Tuesday, 30 November 2010

Predictions for 2011

That most reliable and well-established organization known as the independent office for budget responsibility is telling us its all going to be just fine, I would care to disagree.

First lets look at what the OBR are saying:
A revised growth for this year 1.8% which is 0.6% higher than predicted. This does make some sense considering the 3rd quarter was 0.8% growth, which is a lot higher than predicted. This figure also predicts good figures for the final quarter of this year. This is disputable, however sales figures for Black Friday were 0.2% higher than last year, which could suggest a strong final quarter to the year.
What is dubious is that it predicts 2.1% growth next year. I would question this, increased retail sales are likely to be being fueled by the VAT increase in spring, it makes sense to buy now. Also inflationary pressure (the multiplier effect) is only going to add to that. So this is only short term, next year consumption will fall and other sectors are likely to be hit. Construction is likely to take a hit from Government cuts and we are yet to see figures published from other industries. However some indicators do not look good.
The housing market has been falling dramatically; this is a good indicator of an impending recession in the UK. Also if we analyze these consumption and confidence graphs we can see that as the recovery took hold consumption and confidence went up however now it is falling again! These all point towards a double-dip.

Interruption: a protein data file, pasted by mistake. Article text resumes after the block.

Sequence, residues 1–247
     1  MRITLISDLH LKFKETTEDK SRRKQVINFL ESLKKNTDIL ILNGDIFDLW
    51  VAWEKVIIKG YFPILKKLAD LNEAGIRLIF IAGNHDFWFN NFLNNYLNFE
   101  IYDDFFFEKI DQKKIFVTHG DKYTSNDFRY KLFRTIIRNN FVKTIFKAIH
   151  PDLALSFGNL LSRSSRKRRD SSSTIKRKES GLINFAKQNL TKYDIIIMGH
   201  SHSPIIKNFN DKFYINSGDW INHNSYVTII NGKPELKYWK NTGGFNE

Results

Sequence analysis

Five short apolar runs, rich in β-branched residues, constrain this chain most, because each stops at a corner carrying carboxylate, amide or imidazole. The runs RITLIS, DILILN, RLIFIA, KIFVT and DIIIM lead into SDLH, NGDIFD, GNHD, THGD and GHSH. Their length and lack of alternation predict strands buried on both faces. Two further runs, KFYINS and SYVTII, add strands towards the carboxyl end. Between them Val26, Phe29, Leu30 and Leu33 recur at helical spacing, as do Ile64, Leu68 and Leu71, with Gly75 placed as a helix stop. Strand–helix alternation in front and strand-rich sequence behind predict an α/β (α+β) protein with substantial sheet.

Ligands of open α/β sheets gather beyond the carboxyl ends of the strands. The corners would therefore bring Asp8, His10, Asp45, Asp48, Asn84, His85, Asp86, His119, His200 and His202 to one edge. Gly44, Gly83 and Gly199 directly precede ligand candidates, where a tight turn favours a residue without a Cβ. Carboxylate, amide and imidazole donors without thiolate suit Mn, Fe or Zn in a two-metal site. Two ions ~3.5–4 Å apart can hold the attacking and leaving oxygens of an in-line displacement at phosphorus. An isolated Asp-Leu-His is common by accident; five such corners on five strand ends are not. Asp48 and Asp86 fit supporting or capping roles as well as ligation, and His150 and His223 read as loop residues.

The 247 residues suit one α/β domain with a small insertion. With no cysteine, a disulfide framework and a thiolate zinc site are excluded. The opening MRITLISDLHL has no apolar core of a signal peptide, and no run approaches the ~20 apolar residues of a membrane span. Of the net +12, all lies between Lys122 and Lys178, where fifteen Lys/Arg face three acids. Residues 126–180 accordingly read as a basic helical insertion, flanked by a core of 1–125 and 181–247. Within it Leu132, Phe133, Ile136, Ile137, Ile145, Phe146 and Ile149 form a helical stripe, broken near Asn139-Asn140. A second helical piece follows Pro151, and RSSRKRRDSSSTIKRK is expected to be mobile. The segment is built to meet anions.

The OBR has altered its prediction of public sector job losses to 330,000 instead of 490,000. This however does not take into account all those on contract, the job losses may be made up elsewere, this is statistical fiddle because contracted workers are not public sector. The reason stated however was that benefit cuts have been higher and departmental cuts lower, this would of course lower the job losses but it is still likely to hurt the economy. Benefit cuts give consumers less to spend, which will cut consumption away. If anything direct benefits cuts have more of a direct impact on the economy.
The OBR is yet to truly be tested, its independence is questioned but it appears to be more optimistic than bias. They are not the only ones though:

We shall see what 2011 holds but I don’t believe it will be a good growth year!
I would predict low growth for this year 0.2-04% for the 4th quarter, but next year will see us slipping into negative growth.

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